The effect of the timing of umbilical cord clamping on hemoglobin levels, neonatal outcomes and developmental status in infants at 4 months old

Soheila Nouraie, Sedigheh Amir Ali Akbari, Roshanak Vameghi, Alireza Akbarzade Baghban

Abstract


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Objective:

Delayed umbilical cord clamping (DCC) increases blood transfer to newborns. Hence we investigated the effect of the timing of DCC on hemoglobin levels, neonatal outcomes and developmental status in infants at four months old

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Materials & Methods:

This clinical trial examined infants born to 400 pregnant women immediately upon birth and at the age of four months. The newborns were randomly assigned to either the intervention group with a 90-120-second delay in umbilical cord clamping or the control group with a clamping delay of below 60 seconds, and blood samples were taken from their umbilical cords. The Ages and Stages Questionnaire was used to evaluate the infants’ developmental status.

Results:

Umbilical cord hemoglobin was found to be significantly higher in the intervention group compared to in the controls (P=0/024). No significant differences were observed between the two groups in terms of neonatal complications except neonatal jaundice was significantly more common in the intervention group (P=0/025), although the need for phototherapy was not different between the groups. Overall, no significant differences were observed between the two groups in terms of developmental status at four months old; however, the infants had better problem-solving skills in the delayed umbilical cord clamping group (P=0/015).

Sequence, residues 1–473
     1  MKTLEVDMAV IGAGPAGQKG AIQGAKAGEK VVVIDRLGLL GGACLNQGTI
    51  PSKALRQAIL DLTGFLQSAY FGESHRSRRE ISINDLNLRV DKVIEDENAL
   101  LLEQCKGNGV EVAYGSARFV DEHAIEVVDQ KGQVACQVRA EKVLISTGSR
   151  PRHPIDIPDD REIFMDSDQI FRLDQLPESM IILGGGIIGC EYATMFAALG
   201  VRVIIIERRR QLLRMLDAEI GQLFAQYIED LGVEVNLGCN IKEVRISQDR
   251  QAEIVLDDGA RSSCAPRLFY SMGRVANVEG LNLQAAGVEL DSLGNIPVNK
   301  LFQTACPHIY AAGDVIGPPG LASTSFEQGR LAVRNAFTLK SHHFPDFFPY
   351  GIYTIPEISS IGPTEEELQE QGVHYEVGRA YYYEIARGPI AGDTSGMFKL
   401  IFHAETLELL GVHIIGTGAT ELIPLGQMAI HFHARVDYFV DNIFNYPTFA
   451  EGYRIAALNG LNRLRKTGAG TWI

Conclusion:

The results obtained show that, despite elevating hemoglobin, delayed umbilical cord clamping but has no effects on infant development except in terms of problem-solving skills. Further studies are recommended on the effects of delayed umbilical cord clamping on infant development.



Keywords


Umbilical cord clamping, Hemoglobin, Child development.

Full Text:

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DOI: https://doi.org/10.22037/ijcn.v13i1.17662

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